Sawyer Le July 24, 2020 Anatomy
The use of the microscope in discovering minute, previously unknown features was pursued on a more systematic basis in the 18th century, but progress tended to be slow until technical improvements in the compound microscope itself, beginning in the 1830s with the gradual development of achromatic lenses, greatly increased that instrument’s resolving power. These technical advances enabled Matthias Jakob Schleiden and Theodor Schwann to recognize in 1838–39 that the cell is the fundamental unit of organization in all living things.
This ancient discipline reached its culmination between 1500 and 1850, by which time its subject matter was firmly established. None of the world’s oldest civilizations dissected a human body, which most people regarded with superstitious awe and associated with the spirit of the departed soul. Beliefs in life after death and a disquieting uncertainty concerning the possibility of bodily resurrection further inhibited systematic study. Nevertheless, knowledge of the body was acquired by treating wounds, aiding in childbirth, and setting broken limbs. The field remained speculative rather than descriptive, though, until the achievements of the Alexandrian medical school and its foremost figure, Herophilus (flourished 300 bce), who dissected human cadavers and thus gave anatomy a considerable factual basis for the first time. Herophilus made many important discoveries and was followed by his younger contemporary Erasistratus, who is sometimes regarded as the founder of physiology.
From Vesalius’s exact descriptions of the skeleton, muscles, blood vessels, nervous system, and digestive tract, his successors in Padua progressed to studies of the digestive glands and the urinary and reproductive systems. Hieronymus Fabricius, Gabriello Fallopius, and Bartolomeo Eustachio were among the most important Italian anatomists, and their detailed studies led to fundamental progress in the related field of physiology. William Harvey’s discovery of the circulation of the blood, for instance, was based partly on Fabricius’s detailed descriptions of the venous valves.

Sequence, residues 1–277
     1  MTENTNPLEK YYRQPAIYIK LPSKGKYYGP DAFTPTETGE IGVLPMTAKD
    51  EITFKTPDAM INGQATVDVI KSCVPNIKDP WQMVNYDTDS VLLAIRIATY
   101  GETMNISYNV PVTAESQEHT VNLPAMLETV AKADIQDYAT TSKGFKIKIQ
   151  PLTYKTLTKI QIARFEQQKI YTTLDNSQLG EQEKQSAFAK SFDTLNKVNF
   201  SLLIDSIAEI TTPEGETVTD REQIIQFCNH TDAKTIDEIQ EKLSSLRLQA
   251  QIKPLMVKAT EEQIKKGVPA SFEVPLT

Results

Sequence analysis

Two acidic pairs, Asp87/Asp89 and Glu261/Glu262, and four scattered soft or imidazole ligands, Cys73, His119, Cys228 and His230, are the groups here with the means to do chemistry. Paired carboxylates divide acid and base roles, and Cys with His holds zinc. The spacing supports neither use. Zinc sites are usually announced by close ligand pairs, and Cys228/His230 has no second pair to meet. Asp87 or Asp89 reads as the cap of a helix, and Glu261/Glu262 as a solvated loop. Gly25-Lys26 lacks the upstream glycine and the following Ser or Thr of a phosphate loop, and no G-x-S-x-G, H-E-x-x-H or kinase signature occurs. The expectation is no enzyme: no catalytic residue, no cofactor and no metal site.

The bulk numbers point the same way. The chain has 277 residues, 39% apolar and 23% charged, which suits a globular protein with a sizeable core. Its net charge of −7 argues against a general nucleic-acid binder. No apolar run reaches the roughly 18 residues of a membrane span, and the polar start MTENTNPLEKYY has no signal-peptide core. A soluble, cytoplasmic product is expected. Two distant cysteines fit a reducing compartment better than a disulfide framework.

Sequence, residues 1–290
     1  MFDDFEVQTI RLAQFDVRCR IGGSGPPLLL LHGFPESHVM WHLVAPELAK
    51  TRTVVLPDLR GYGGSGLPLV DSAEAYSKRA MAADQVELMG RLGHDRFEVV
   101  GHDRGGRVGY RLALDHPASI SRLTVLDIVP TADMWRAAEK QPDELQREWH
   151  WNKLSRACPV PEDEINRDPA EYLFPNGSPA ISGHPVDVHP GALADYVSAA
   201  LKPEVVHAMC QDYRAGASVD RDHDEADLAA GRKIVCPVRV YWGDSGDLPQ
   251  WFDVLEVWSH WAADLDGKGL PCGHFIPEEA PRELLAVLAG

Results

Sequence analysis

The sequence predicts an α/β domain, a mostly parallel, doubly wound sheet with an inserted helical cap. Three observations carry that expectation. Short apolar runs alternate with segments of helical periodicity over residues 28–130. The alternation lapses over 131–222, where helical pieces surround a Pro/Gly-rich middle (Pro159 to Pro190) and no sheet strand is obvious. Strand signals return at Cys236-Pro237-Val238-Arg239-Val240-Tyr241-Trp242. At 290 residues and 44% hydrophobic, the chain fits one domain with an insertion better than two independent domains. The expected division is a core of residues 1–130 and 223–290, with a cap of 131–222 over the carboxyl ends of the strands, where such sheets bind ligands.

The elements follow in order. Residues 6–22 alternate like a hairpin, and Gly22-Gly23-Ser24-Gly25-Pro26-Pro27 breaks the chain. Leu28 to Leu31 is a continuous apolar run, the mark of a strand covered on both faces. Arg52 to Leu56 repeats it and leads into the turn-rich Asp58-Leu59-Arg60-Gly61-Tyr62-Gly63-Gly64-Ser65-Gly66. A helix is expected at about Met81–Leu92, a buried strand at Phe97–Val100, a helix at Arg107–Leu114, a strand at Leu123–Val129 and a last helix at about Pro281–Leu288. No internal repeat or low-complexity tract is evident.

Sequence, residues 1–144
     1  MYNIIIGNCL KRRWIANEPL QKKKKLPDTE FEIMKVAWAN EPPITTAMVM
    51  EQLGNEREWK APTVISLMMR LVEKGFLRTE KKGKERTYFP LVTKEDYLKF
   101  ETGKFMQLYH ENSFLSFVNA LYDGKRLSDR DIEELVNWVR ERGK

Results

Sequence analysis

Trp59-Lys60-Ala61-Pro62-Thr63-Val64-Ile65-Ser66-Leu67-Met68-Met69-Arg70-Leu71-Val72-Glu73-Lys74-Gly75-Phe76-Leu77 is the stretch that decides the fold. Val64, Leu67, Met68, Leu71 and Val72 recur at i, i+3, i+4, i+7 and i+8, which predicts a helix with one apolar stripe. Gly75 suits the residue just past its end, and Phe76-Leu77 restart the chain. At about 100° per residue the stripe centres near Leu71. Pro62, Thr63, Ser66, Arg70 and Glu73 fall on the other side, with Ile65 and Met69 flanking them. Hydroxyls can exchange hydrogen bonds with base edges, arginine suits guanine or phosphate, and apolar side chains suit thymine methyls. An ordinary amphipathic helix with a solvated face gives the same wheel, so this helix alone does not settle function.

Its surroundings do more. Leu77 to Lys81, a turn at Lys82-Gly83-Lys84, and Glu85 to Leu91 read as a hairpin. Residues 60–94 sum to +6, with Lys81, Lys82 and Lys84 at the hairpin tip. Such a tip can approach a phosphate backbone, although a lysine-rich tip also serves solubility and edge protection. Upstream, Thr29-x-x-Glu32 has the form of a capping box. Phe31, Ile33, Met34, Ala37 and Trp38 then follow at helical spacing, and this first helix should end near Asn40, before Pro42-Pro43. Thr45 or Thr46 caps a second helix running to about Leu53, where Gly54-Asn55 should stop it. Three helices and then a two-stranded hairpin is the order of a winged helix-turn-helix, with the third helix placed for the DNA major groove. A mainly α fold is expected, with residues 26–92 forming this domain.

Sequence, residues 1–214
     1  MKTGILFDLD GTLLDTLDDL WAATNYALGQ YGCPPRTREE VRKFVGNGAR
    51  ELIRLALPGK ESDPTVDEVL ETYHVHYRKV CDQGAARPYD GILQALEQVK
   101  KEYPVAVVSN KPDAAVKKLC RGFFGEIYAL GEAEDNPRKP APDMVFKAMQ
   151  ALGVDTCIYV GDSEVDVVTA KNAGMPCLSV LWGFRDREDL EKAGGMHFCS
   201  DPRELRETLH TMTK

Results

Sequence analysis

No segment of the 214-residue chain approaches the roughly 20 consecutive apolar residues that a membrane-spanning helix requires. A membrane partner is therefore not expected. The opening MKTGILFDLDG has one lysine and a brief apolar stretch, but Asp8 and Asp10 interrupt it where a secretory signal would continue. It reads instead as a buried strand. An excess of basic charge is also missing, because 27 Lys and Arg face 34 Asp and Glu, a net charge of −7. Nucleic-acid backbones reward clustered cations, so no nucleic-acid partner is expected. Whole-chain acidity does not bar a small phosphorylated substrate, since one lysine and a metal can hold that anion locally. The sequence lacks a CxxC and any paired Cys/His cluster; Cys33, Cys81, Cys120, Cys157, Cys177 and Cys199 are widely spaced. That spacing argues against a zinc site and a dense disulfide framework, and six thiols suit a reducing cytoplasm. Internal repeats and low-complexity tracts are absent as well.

Comparative anatomy, the other major subdivision of the field, compares similar body structures in different species of animals in order to understand the adaptive changes they have undergone in the course of evolution.
Scientific names for the parts and structures of the human body are usually in Latin; for example, the name musculus biceps brachii denotes the biceps muscle of the upper arm. Some such names were bequeathed to Europe by ancient Greek and Roman writers, and many more were coined by European anatomists from the 16th century on. Expanding medical knowledge meant the discovery of many bodily structures and tissues, but there was no uniformity of nomenclature, and thousands of new names were added as medical writers followed their own fancies, usually expressing them in a Latin form.
The new application of magnifying glasses and compound microscopes to biological studies in the second half of the 17th century was the most important factor in the subsequent development of anatomical research. Primitive early microscopes enabled Marcello Malpighi to discover the system of tiny capillaries connecting the arterial and venous networks, Robert Hooke to first observe the small compartments in plants that he called “cells,” and Antonie van Leeuwenhoek to observe muscle fibres and spermatozoa. Thenceforth attention gradually shifted from the identification and understanding of bodily structures visible to the naked eye to those of microscopic size.
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